Swing to Gait
You use swing gaits when you have a brace or paralysis on your legs. You’ll move both crutches forward and then both legs afterward.
How to Get Upstairs on Crutches
If you need to get up or down the stairs on crutches without a railing, you’ll use both crutches to aid you. You’ll slowly place both crutches on the stair in front of you and step with your good foot first.
Then you’ll bring your injured foot to the same step. You’ll continue this until you make your way all the way up or down the staircase.
How to Use Crutches on Stairs with a Railing
To go upstairs, you’ll use one crutch and place your other hand on the railing. You can hold both crutches in one hand or give them to someone else to hold if you can. You’ll step up with your good leg and then bring the injured one to the same step, keeping most weight off it.
When Should I Use Crutches?
There are several reasons why you may need to use crutches. Some of the most common reasons would be because you have a sprained ankle, knee pain, or a broken bone in your leg, foot, or ankle.
Other reasons physicians encourage patients to use crutches is they have sciatica, back pain, and fibromyalgia.
Where to Bear Weight When Using Crutches
Regardless of how much weight you can or cannot bear on your injured leg, you’ll want to bear weight in your hands. If your hands are sore when using crutches, it means you’re doing it correctly.
How Long to Use Crutches After a Hip Replacement
Everyone’s different, but most patients who have a hip replacement are on crutches for about four weeks.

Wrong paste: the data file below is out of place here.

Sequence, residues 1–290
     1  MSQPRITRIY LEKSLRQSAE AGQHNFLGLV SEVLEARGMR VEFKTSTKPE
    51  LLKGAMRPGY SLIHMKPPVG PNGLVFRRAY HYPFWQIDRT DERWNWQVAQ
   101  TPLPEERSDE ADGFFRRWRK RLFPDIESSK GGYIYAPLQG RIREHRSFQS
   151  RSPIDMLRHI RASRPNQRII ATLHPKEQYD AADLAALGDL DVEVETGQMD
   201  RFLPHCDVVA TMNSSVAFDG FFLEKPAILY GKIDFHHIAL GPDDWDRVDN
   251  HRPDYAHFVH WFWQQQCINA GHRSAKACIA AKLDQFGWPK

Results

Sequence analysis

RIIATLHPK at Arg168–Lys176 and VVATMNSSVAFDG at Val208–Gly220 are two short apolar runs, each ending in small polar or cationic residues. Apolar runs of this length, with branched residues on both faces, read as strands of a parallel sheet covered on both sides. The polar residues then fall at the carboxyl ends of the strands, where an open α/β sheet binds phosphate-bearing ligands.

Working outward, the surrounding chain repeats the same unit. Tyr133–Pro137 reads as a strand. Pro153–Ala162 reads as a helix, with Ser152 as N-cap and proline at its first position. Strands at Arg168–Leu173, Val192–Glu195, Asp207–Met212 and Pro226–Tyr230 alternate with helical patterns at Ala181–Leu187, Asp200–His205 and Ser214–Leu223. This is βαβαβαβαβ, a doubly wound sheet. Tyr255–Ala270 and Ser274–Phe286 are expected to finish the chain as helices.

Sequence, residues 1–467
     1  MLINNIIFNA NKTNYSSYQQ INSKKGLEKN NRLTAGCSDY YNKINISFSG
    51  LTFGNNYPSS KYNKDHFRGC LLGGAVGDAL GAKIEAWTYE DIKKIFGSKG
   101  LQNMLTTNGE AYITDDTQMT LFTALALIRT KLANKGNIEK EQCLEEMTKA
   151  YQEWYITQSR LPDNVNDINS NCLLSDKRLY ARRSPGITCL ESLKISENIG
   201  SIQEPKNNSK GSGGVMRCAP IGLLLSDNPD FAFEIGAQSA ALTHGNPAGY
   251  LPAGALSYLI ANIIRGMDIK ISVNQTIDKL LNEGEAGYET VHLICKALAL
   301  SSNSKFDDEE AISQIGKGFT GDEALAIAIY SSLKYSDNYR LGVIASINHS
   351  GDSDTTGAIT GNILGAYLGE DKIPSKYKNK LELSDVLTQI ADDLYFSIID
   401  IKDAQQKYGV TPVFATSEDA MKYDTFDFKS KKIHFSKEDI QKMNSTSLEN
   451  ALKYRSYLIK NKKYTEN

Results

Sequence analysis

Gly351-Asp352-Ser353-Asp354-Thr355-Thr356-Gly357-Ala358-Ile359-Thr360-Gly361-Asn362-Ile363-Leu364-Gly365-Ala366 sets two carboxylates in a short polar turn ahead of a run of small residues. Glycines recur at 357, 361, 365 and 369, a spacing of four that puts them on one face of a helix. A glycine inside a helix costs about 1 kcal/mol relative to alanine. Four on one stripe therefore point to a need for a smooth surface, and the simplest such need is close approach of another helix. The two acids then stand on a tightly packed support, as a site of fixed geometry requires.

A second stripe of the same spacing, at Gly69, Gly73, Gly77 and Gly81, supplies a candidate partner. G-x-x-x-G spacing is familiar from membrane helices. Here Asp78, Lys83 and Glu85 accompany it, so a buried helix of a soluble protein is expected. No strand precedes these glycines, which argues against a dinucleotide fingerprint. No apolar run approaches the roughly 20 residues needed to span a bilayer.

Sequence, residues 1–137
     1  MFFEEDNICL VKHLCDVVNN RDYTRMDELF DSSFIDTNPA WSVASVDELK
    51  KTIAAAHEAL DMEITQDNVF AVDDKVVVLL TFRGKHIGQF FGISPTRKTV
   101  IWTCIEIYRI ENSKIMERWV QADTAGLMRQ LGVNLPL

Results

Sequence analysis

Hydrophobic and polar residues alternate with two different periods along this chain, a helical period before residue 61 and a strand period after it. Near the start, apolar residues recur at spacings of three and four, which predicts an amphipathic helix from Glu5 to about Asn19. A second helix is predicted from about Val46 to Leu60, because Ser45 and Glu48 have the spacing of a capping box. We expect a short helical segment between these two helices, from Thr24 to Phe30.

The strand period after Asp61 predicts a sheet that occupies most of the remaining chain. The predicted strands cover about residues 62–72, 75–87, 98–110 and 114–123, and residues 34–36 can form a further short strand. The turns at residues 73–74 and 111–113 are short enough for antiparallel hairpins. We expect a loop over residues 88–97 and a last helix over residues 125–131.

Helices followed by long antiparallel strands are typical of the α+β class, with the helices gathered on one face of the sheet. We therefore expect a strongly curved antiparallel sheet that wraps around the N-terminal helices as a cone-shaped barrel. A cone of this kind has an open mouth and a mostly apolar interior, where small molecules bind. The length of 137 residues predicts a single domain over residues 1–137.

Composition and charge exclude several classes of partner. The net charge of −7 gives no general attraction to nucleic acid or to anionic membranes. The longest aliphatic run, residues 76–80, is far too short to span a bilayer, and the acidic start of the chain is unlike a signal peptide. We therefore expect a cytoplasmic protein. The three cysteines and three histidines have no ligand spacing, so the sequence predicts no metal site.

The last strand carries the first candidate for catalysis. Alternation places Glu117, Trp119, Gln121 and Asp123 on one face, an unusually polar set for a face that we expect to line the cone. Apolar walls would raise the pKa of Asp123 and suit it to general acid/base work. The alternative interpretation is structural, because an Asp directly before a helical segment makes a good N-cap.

Alternative Devices to Use
Depending on your situation, crutches may not be the best option. That being said, you probably still need a mobility device. Knee scooters and wheelchairs are both viable options.
More Reading: 10 Best Knee Walkers
✅ Can Women Use Crutches When Pregnant?
Yes! Many pregnant women use crutches to reduce pelvic pain during pregnancy.
✅ When Shouldn't You Use Crutches?
If your doctor puts you in a walking boot, you no longer need to use crutches since the device will protect your foot as you move around.
✅ What to Do With Used Crutches?
You can keep them for if you ever need them again, donate them, or resell them to someone else.
✅ Are Crutches Free on the HSE?
They're not. You can get crutches through the HSE, but you'll have to pay as you would with other suppliers.
✅ How Long Are You on Crutches After Surgery?
It depends on the surgery. You can be on crutches for anywhere from two to six weeks for most surgeries.
✅ How to Make Crutches More Comfortable
Cushioning is going to make crutches more comfortable. You can add a towel, blanket, old shirt, whatever you want. You'll wrap it around the hand grips or underarm supports.
✅ Which Crutches are Best for after Knee Surgery?
The eBay crutches to get you moving after knee surgery are going to be underarm or elbow crutches. This allows you to keep all weight off of your leg while still being able to move around.